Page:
Sometimes I pass a stranger in the street and we make eye contact and I convince myself it’s him. I know that he could have easily been a middle-aged fugitive with row after row of jars containing eyes of his victims in his log cabin in the woods. He could have been an old lady with grandchildren who wore those old-fashioned nude pantyhose. He could have been a 12 year old with a vivid imagination and hippy parents that made him try hallucinogenics in order to ‘expand his way of thinking’. I don’t know.

68% of people ‘share’ a Facebook photo as an advertisement for themselves – to give others a better sense of who they are (http://oginenergy.com/sites/default/files/Contagious-Content.pdf). Isn’t every social media profile a façade? We choose what/how to update or upload or share in a way that allows us to come across as the person we want everyone to see. Everyone reckons clicking on a profile is a window in to their world when in fact it’s only what they want you to see – and they want you to see it for a specific reason. How different was my friendship with MM to the friendship we have with the people we know are ‘real’, but only have contact with online? And the amount of time we spend reading what other people have to say and comparing ourselves with them and their pictures and the amount of likes they have on their whatever – how much of that is the real them? 

Just something to think about when your self-esteem is affected by something you read from someone online. The next time a cutesy couple posts a picture of themselves baking cookies captioned “OMG so yummeh, and I’m not talking about the cookies teheheheh” a small part of me will remember my friend MM and how I really knew nothing about him. His first profile was a way for him to put a message across: his disdain for Facebook memorial pages and the people that created them. He wanted to provoke and be disliked. His second profile was a way for him to connect with another person. He wanted to be understood and admired and to build a friendship. One person with two agendas and two profiles in order to do that effectively. Who knows if either of those were the real him? That cutesy couple might be falling apart, and need validation from their friends in order to convince themselves they can work. A few likes on a picture of them doing something adorable like baking can actually provide that – trust me I’ve been there (although not with baking, I need to stay away from kitchens for health and safety reasons).

I dunno. I think we can all take something from that.

breaking bad 3

14 thoughts on “A story of a Someone called Something

  1. Wonderful! This is a subject I’ve so often thought about that, even though I was about to leave the house, after getting a few lines in I was rooted to the spot (didn’t even get chance to sit down) all my energy being diverted to just reading and processing. It’s fascinating how much someone’s profile can tell us about them, if you manage to look past what they “want everyone to see”. Also I got a great sense of the question ‘if we met someone we dislike under different circumstances, would we like them?’ From this one, Which is a bloody good subject. Of all your posts, I’d say this was the most thought-provoking. Lovely work!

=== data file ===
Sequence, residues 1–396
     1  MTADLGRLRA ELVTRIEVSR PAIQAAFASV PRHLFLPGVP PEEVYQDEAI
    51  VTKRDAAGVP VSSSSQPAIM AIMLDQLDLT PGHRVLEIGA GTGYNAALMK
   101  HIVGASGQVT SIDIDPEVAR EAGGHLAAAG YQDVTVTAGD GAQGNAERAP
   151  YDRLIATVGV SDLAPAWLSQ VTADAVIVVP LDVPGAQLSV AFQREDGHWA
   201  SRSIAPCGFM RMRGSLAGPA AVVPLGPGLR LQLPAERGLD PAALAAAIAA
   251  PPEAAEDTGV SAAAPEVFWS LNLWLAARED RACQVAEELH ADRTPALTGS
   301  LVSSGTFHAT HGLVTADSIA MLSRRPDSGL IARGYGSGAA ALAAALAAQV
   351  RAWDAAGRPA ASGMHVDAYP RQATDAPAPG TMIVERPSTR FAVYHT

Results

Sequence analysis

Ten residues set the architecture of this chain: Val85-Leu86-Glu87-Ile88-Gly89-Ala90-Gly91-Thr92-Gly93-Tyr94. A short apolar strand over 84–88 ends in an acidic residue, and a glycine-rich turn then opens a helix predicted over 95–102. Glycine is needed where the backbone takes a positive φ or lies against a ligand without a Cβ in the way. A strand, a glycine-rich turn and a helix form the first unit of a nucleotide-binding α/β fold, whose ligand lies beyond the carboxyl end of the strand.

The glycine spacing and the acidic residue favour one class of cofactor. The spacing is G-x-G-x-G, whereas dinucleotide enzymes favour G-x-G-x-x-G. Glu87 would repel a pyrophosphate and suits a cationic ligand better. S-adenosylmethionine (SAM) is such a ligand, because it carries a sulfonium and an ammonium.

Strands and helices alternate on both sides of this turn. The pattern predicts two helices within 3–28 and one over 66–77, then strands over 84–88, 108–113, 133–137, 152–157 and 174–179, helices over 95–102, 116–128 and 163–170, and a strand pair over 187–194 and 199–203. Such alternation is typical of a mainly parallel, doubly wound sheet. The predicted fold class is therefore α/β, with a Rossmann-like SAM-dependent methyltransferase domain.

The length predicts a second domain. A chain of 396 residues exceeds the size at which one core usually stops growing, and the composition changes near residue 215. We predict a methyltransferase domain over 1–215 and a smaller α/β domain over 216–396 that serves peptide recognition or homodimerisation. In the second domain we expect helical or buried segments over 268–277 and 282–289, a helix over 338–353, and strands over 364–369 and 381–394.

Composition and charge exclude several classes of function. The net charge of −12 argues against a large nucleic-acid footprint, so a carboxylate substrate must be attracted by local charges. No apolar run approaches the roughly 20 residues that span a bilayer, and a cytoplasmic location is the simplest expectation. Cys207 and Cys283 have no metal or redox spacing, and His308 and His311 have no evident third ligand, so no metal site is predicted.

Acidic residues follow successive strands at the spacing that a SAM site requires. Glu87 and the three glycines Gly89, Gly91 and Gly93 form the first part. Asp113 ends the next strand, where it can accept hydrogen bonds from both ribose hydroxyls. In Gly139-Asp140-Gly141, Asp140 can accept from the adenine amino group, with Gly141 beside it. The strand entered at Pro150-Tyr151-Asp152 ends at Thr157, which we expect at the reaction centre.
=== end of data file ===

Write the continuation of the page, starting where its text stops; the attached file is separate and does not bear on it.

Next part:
2. I imagine all troll accounts on any site are used to vent your own frustration’s on life. As you can not exactly vent them at people face to face as you would feel guilty seeing there expectation’s ect. I’m guilty of it in games when i’m having a frustrating time with an opponents game play. I agree we all where mask’s to hide our own insecurity’s, bad thoughts and intentions. I would say very few if anyone at all get to know our true self as that level of openness isn’t quite sane. Imagine if you didn’t have the privacy of your own thoughts or you were like Edward Cullen out of twilight and could read 99.9% of peoples. Thank god its a level playing field on that front. As for wearing the mask it isn’t i know as mine isn’t a good fit and is easily seen through.

  3. I always really enjoy these, it’s a really insightful look into how people have a motivation for something, regardless of how bad it is.

  4. Oh wow, this article was really bittersweet, and very ‘human’.
    I found the section where you mentioned people only showing what they want you to see very interesting, and in a way, it made me feel kind of melancholy. Like you said, you might never fully understand a person, whether they be a RL friend or an online one, you might never know their struggles or their controversial thoughts or desires. Idk, I just think that it’s sad that, most of the time, people are probably never 100% themselves, but that’s also what makes us interesting and sort of fragile, as human beings. It have me a lot to think about. Thank you for this.